How to Deploy Modsecurity with Nginx on Ubuntu 20.04 LTS

Security is a fundamental aspect of every sysadmin’s job. Especially if you have public websites or web applications hosted with Nginx on your server. That’s why today we present you this post, where you will learn how to deploy ModSecurity with Nginx in Ubuntu 20.04.

mod_security is an Apache security module, it acts as a web application firewall (WAF) and its job is to filter and block suspicious HTTP requests. This makes it possible to prevent brute force attacks and so on.

Although it is an Apache module, we can install and deploy it for Nginx. That’s the reason for our post.

Let’s get started.

Some considerations

Before we start, we need to know a few things. It is recommended that the server does not have many applications installed. Even if we are on a fresh installation, much better. This is also why it is recommended that we don’t have nginx installed on the system.

In addition to this, we need to use sudo or the root account.

Installing the latest stable version of Nginx on Ubuntu 20.04

It is recommended to install Mod_security using the latest version of Nginx. To do so, we have to install it using the ondrej PPA for Ubuntu 20.04.

Update the server completely

sudo apt update
sudo apt upgrade

Then add the repository

sudo add-apt-repository ppa:ondrej/nginx-mainline

Refresh APT.

sudo apt update

Finally, install Nginx by running

sudo apt install nginx-core nginx-common nginx nginx nginx-full

Next, you can check the version of Nginx by running

nginx -V

The next step is to enable the source code repository of the PPA we enabled. This is necessary because we will be downloading the Nginx source code later.

To achieve this, open the repository configuration file

sudo nano /etc/apt/sources.list.d/ondrej-ubuntu-nginx-mainline-*.list

And look for the line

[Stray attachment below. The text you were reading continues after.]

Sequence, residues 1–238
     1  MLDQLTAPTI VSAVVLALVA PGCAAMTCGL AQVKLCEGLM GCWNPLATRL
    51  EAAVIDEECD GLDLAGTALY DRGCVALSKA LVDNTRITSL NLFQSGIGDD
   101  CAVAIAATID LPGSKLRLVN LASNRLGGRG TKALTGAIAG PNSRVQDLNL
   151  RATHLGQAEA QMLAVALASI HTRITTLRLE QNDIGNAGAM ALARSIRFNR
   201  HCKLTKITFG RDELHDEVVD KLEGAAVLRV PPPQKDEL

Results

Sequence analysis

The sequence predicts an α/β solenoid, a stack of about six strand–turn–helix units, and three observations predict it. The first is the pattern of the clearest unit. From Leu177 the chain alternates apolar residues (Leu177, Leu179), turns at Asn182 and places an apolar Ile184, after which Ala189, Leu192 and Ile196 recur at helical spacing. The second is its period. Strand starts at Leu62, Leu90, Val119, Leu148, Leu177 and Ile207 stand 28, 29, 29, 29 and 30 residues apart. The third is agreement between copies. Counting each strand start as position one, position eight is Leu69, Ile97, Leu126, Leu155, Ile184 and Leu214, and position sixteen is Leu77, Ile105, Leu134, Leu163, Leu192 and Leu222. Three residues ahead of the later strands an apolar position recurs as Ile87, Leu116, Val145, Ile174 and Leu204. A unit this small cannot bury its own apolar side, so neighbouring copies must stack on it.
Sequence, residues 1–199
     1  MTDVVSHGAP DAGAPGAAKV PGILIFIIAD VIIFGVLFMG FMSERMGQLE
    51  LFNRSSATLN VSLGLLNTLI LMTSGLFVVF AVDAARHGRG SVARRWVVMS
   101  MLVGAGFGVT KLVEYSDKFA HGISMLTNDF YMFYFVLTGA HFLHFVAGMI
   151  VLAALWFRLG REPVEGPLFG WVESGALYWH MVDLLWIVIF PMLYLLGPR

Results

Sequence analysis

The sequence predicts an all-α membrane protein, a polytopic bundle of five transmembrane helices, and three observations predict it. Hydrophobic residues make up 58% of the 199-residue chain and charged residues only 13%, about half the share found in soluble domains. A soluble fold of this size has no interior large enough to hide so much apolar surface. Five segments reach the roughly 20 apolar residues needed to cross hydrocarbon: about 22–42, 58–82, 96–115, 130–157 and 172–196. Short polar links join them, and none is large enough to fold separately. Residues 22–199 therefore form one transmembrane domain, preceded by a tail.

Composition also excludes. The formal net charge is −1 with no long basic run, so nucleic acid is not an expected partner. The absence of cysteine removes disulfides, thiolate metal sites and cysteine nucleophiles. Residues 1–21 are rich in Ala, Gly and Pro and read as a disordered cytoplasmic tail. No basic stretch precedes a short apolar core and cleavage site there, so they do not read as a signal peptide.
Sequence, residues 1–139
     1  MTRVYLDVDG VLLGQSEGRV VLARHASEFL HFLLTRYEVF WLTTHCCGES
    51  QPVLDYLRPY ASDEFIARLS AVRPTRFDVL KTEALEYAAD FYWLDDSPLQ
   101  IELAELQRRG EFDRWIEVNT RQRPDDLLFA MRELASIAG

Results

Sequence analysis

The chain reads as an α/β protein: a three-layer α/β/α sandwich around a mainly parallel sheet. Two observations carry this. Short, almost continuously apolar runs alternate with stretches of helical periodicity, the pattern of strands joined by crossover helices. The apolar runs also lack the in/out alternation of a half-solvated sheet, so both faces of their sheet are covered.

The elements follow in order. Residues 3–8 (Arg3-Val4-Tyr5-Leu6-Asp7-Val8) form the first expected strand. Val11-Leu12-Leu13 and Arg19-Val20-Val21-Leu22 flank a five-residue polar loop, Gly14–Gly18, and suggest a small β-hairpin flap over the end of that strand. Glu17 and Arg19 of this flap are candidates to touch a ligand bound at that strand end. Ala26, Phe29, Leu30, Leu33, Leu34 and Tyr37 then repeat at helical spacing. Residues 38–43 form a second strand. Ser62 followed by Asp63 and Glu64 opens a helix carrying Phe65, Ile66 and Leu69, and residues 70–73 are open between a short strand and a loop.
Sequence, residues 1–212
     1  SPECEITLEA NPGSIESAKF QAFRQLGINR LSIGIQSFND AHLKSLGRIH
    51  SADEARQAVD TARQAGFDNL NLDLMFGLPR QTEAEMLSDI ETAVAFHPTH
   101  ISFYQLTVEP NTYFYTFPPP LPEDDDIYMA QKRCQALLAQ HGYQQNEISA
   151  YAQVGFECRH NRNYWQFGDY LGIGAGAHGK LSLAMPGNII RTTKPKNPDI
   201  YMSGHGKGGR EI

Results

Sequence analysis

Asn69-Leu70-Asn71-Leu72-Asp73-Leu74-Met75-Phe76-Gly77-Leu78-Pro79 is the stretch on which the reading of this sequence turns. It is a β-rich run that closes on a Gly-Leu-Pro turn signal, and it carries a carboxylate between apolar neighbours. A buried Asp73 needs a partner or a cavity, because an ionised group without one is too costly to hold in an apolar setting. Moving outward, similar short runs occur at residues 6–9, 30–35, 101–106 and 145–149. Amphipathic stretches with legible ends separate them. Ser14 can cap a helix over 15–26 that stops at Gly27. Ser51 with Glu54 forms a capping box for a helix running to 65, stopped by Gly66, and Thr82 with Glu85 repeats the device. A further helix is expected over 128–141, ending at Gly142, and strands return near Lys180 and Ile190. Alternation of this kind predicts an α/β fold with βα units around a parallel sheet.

#deb-src focal main

Remove the # at the beginning. It will look like this:

deb-src focal main

Save the changes and close the editor. Finally, refresh APT.

sudo apt update

Download the Nginx source package using APT

First, let’s set the /usr/local/src/ folder to belong to the regular system user.

sudo chown user:user /usr/local/src/` -R 

And now create the folder where the sources will be.

mkdir -p /usr/local/src/nginx

Access it

cd /usr/local/src/nginx/

From here install the dpkg-dev package

sudo apt install dpkg-dev

And download the Nginx source files

apt source nginx

If you run the ls command, you will see something similar to this

Nginx source code on Ubuntu 20.04
Nginx source code on Ubuntu 20.04

Install libmodsecurity3

Now we need to install the modsecurity library. It is available in the official Ubuntu 20.04 repositories. However, it is recommended to compile it from source.

To achieve this, install Git in Ubuntu 20.04

sudo apt install git

Then clone the Mod_security repository

git clone --depth 1 -b v3/master --single-branch /usr/local/src/ModSecurity/

You will get an output screen like this

Cloning into '/usr/local/src/ModSecurity'...
remote: Enumerating objects: 840, done.
remote: Counting objects: 100% (840/840), done.
remote: Compressing objects: 100% (808/808), done.
remote: Total 840 (delta 496), reused 119 (delta 24), pack-reused 0
Receiving objects: 100% (840/840), 762.19 KiB | 978.00 KiB/s, done.
Resolving deltas: 100% (496/496), done.

Then access the folder where it was downloaded.

cd /usr/local/src/ModSecurity/

Thereafter, you have to install all the dependencies needed for the compilation.

sudo apt install gcc make build-essential autoconf automake libtool libcurl4-openssl-dev liblua5.3-dev libfuzzy-dev ssdeep gettext pkg-config libpcre3 libpcre3-dev libxml2 libxml2-dev libcurl4 libgeoip-dev libyajl-dev doxygen

And run these commands to refresh the necessary modules

git submodule init
git submodule update

Now it remains to compile it


During the execution of these commands, you will get the following error

fatal: No names found, cannot describe anything.

Ignore it

Now we have to compile it using make.